With IEP Annual Review season in full swing, DifferentDream.com guest bloggers are willing and ready to share the benefits of their experience with you. Yesterday, Ellen Stumbo shared 2 things parents can do to prepare for IEP meetings. Today she’s back with 3 more tips you can put into immediate use.
Simple Tips Parents Can Use to Prepare for IEP Annual Review Meetings
Tip #3: Bring Food
Yes, I did just say to bring food. Why? Because food breaks an unspoken barrier. It says, “I want to be friendly, I don’t want to fight and I am thankful you are here.” Bring paper plates or napkins too.
The last few weeks I have seen one of the special education teachers stay for IEP meetings after school almost every day. She has kids at home, and it means she is not making it back to her family until late. Yes, it is part of her job, but she is also a wife and a mom. Bringing some brownies, donuts, cheese and crackers, or other snacks says, “I appreciate the time you have taken to be here for my child.” It speaks volumes when you do something to show appreciation for someone’s time.
Gifts is one of my love languages. If I could fit it in my budget, I would have taken orders from all of them to Starbucks, no kidding! Instead, I brought granola bars and cheese and crackers. Granola bars had chocolate chips in them, we were mostly women, chocolate is known to sometimes brighten a woman’s day. Enough said.
Tip #4: Know the Law
You want to be friendly, but you are your child’s advocate.
Speak up for those who cannot speak for themselves,
for the rights of all who are destitute.
Speak up and judge fairly;
defend the rights of the poor and needy.
A woman I trust and admire gave me this verse as I asked her questions about the IEP process. She is the mother of an adult child now, and was reminding me that yes, you want to be nice, but you also have a responsibility to be an advocate for your child!
Bring food, be friendly, but when it is time to speak up, you speak up. In order to do that, it is important that you are familiar with the special education laws! Here are some great resources for you:
- Wright’s Law: The Wright’s Law website is dedicated to special education law and the law surrounding IEP’s.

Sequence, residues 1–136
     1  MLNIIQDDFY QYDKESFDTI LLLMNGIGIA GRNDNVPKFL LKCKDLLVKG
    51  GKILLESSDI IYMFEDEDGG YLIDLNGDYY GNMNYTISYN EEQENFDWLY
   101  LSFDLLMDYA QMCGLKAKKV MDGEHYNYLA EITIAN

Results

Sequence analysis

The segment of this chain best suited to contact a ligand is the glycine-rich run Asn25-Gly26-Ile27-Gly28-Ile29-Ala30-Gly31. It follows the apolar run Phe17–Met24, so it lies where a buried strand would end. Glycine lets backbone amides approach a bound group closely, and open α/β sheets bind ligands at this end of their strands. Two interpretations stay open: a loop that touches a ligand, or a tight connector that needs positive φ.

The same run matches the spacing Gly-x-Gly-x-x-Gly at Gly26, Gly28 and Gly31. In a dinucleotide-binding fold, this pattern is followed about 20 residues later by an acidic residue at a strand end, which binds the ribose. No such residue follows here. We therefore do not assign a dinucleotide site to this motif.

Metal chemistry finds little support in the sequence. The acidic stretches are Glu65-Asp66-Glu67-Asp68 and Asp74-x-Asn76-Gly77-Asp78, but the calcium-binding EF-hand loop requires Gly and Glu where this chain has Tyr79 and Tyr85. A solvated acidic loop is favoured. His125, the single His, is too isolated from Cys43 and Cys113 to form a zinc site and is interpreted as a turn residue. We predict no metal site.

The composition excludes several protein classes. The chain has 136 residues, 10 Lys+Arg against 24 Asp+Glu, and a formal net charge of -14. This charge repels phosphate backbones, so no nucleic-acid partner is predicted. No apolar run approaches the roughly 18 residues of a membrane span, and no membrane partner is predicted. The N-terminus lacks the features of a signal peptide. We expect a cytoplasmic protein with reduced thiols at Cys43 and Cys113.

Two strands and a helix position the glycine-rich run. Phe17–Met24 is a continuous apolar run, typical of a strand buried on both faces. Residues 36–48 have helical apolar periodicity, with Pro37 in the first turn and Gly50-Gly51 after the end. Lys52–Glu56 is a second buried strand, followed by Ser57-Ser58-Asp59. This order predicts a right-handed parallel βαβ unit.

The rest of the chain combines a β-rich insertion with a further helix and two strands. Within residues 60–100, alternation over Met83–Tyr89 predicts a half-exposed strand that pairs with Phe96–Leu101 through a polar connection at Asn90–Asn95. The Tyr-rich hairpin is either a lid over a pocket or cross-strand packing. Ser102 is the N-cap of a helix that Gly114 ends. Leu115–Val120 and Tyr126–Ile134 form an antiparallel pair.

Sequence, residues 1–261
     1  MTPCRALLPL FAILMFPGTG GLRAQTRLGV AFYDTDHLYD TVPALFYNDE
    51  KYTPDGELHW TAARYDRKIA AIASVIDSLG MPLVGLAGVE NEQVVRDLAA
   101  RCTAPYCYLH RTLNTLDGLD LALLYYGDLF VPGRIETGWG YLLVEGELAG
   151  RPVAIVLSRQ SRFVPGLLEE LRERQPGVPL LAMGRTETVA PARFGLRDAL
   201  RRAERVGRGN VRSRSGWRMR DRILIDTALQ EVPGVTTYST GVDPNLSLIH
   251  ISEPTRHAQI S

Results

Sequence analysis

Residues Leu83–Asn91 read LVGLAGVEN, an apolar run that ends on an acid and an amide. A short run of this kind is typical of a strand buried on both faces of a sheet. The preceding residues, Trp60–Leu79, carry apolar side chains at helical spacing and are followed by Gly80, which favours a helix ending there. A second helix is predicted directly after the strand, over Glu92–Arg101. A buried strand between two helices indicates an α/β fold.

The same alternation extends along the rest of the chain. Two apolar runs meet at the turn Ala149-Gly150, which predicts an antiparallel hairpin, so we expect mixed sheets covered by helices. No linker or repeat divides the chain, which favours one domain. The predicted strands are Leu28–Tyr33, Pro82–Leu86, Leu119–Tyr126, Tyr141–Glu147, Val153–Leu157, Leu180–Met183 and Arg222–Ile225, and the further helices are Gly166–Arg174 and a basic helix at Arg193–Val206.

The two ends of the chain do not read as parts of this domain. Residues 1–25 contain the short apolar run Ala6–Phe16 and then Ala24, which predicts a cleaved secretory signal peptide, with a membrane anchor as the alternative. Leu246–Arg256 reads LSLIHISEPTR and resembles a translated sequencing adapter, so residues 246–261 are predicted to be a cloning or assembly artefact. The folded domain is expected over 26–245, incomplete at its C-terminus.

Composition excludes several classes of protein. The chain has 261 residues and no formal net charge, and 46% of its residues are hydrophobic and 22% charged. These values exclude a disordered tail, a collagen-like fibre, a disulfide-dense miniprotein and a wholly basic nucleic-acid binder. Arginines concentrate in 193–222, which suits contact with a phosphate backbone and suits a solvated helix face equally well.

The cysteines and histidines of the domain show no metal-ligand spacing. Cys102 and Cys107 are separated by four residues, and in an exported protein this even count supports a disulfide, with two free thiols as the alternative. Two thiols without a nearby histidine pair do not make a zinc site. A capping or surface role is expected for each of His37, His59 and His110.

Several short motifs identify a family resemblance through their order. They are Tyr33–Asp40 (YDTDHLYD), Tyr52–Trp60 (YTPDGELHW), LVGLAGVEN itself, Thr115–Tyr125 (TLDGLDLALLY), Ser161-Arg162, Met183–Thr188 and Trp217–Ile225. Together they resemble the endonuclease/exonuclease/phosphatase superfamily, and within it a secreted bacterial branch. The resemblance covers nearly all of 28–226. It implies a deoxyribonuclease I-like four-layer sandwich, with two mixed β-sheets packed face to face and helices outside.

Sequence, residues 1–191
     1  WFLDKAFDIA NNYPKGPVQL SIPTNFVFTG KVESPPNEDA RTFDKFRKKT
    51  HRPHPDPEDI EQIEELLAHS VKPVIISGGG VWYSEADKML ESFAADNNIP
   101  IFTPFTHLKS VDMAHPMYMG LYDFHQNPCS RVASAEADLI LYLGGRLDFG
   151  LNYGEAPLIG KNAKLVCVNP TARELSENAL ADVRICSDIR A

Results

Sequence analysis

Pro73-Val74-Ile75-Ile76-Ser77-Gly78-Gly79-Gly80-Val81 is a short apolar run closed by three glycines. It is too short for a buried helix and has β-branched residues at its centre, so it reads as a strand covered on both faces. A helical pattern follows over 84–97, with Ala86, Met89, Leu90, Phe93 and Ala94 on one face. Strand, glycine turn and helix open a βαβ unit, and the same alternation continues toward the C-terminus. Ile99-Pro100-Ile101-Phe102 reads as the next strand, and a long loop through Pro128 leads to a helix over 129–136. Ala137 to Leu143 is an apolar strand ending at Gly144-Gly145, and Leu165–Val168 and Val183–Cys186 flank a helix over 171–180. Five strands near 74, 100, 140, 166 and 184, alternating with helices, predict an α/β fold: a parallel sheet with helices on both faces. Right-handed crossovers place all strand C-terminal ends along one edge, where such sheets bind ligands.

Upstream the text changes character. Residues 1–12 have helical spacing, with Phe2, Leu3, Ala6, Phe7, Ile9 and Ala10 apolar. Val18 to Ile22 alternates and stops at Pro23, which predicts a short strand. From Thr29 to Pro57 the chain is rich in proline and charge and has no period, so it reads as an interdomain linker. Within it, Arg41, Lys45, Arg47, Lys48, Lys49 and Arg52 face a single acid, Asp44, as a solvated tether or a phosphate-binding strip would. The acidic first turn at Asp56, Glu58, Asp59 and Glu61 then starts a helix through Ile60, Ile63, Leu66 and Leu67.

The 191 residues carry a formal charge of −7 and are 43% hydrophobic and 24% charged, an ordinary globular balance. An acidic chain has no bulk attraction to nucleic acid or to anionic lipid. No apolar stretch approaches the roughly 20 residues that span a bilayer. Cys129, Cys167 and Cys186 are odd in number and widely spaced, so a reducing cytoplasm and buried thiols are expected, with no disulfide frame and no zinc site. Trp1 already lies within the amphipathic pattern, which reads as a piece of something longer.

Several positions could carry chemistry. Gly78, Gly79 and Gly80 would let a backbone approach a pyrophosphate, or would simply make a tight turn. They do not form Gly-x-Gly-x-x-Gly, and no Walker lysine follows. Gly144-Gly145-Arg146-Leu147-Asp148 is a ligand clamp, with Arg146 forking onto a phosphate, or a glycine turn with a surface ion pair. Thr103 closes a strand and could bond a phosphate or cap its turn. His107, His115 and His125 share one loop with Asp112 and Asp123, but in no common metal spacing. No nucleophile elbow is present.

- Wright’s Law: From Emotions to Advocacy: the Special Education Survival Guide. This is one of the most valuable books you will ever have if your child has an IEP. It details and explains the law, your rights, your child’s rights, and what the school can or cannot do. Seriously, get this book! I in no way benefit from you buying this book, but it has been such a valuable resource as I learn to navigate the world of special education.
Tip #5: Take Notes and Ask Questions
During the IEP meeting make sure you are taking notes. Things will be said and comments will be made that you might want to come back to. Jut down where you asked for a goal to be included. Write the comment from the physical therapist that was encouraging. Make sure you take notes of the teacher’s concern about your child’s safety in the playground so you can go home and do some brainstorming as you process the conversations that took place.
Don’t hesitate to ask questions. If you are confused why your child is not getting more time in speech therapy, ask. If you still don’t understand, ask again. Be polite though, don’t point fingers, and make the questions about yourself. For example, you can say, “I am still puzzled though, if we all agree speech is the greatest area of concern, why is my child only getting 40 minutes a week of speech therapy?”
Remember, you are an important and invaluable member of your child’s IEP team. Your know your child best and you are your child’s advocate. Be prepared, be professional, and be ready. And pray! Ask God to help you through the emotions of the IEP, to help you be a good advocate, and to help you build strong relationships with the rest of the team.
What has your IEP experience been like?
Leave a Comment
Ellen and I would love to hear about your IEP experiences, so please do leave a comment if you want. And if you have more ideas about how parents can prepare for IEP annual reviews, share them, too. The more the better!
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